At this year's CES, I was fascinated by the plethora of new wearable health devices that can track information like the number of steps taken, quantity and quality of sleep, calories burned, pulse rate, and even mood. Last year at CES, 24 booths were dedicated to these sorts of gadgets, but this year there were 75 booths.
And what do most of these products have in common? They have sensors in them that monitor various activities and send that related data to a smartphone, tablet, or PC.
When I think about sensors, a scene from The Graduate springs to mind in which Mr McGuire offers advice to Ben, the graduate, at his graduation party.
"I just want to say one word to you. Just one word," Mr McGuire says. "Are you listening? Plastics."
He goes on to inform Ben that there is a great future in plastics and it is worth investing in. Well these days, that word is "sensors."
I'm a great example because for the last six months, I have been wearing several of these health devices. Following my triple bypass operation last June, my son bought me a Nike+ FuelBand to help monitor my recovery progress. He didn't know that my wife also bought me a Fitbit One. Then, my doctor suggested I get a watch that tracks my pulse in real time, data that helps to readjust my heart and blood pressure medication dosages given my weight loss.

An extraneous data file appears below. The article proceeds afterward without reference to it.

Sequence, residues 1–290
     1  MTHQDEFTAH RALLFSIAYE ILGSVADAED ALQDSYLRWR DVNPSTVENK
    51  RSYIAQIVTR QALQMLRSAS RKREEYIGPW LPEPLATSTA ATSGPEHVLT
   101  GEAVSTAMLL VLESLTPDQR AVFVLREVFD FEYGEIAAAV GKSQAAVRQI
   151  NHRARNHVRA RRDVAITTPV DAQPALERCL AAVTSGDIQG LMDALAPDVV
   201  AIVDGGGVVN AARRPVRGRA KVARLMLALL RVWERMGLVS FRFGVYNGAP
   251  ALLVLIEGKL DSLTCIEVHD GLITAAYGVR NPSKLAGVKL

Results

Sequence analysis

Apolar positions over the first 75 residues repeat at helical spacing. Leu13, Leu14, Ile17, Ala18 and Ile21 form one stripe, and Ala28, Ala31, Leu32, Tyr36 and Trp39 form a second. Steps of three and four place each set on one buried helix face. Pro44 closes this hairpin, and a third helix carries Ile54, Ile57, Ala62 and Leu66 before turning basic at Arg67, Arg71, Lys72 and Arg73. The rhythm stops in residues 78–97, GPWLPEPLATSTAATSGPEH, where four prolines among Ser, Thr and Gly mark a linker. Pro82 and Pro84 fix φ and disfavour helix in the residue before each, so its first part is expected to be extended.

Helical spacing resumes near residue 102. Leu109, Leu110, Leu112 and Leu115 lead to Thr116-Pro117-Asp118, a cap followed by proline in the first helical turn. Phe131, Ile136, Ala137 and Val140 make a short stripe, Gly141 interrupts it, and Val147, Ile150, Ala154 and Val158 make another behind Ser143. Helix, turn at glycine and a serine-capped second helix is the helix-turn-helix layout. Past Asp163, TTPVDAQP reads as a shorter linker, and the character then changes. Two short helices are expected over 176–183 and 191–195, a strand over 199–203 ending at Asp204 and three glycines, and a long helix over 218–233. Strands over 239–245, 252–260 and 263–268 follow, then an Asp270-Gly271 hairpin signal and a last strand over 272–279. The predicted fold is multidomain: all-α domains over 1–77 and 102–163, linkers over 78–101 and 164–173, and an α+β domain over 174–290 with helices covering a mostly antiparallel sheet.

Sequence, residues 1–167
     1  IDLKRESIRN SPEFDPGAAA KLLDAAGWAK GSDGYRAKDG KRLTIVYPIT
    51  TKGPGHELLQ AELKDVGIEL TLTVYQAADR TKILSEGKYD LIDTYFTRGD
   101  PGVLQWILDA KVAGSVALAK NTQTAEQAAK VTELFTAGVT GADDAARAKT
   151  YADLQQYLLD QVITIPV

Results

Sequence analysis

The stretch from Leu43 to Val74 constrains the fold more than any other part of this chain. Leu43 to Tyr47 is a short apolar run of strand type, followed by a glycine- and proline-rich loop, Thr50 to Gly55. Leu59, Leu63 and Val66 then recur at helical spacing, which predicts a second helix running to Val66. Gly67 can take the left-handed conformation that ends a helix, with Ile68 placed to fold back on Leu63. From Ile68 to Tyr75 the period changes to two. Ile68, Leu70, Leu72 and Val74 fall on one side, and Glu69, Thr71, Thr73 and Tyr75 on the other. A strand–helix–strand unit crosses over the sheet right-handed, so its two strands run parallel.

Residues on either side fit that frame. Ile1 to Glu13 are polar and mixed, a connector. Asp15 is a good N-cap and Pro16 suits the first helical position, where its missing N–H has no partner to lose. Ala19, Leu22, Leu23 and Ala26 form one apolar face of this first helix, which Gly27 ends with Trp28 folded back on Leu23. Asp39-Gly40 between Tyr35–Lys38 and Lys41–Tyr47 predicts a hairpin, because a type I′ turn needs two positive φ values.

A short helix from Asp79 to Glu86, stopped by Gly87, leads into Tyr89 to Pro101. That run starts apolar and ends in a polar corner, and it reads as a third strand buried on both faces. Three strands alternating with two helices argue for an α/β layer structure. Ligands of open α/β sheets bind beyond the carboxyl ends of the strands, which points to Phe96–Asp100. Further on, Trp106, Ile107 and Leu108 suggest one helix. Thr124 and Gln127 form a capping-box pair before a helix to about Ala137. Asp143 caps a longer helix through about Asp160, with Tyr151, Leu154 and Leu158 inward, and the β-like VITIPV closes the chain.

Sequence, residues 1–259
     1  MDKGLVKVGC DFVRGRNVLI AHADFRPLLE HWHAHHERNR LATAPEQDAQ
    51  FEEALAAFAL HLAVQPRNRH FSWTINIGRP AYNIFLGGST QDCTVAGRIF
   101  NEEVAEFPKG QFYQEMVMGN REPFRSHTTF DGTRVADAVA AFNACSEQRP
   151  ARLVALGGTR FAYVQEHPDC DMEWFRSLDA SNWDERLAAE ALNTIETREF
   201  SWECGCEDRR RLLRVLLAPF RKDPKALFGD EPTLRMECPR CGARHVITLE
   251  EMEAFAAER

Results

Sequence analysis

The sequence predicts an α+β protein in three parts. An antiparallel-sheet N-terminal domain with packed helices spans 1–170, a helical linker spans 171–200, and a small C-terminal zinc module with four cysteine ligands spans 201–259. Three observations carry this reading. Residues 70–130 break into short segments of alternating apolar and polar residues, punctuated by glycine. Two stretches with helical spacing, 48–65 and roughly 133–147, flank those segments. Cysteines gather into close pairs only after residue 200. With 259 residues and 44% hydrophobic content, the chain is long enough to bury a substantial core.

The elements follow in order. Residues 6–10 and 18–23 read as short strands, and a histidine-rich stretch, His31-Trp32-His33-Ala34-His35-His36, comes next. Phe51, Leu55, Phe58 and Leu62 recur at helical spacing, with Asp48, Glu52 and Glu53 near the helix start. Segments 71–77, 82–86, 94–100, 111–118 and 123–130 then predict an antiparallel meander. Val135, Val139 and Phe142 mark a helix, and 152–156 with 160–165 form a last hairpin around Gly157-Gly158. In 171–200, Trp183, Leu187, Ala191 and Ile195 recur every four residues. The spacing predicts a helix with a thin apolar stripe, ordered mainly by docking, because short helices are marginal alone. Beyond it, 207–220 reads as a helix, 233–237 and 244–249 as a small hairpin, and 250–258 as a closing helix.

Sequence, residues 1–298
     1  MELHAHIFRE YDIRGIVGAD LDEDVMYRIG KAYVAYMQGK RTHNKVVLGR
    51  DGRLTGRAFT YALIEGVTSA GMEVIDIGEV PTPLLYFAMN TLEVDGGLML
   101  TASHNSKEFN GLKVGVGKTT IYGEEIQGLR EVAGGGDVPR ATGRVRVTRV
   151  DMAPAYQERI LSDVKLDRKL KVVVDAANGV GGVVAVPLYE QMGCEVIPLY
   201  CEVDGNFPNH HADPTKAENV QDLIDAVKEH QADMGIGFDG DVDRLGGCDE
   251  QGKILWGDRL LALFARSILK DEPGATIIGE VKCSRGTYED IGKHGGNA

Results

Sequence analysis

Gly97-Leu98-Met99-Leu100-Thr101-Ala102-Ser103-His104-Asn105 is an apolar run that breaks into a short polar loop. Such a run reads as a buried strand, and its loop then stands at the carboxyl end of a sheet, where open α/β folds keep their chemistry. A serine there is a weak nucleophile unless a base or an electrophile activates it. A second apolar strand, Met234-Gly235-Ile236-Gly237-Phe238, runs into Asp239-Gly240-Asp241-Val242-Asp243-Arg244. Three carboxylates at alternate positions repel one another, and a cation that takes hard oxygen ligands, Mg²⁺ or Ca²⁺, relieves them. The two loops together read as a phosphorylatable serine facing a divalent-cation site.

When on the treadmill, I also use Bodymedia's Fit Core armband to track my physical activity level. One key to my recovery is walking at least 10,000 steps each day. Two of the three devices that I regularly wear count my steps and alert me if I don't get to that number each day. I also need to get a lot more sleep as part of the healing process, so I bought the new Jawbone UP wristband that tracks my sleep patterns.
Now I admit I look odd wearing all four monitoring devices, but at least for the time being, given my heightened awareness of various health factors, I am committed to using all of them. The good news is that they are somewhat stylish and unobtrusive and as my health improves, I will ideally only need one of these monitoring devices to keep me motivated.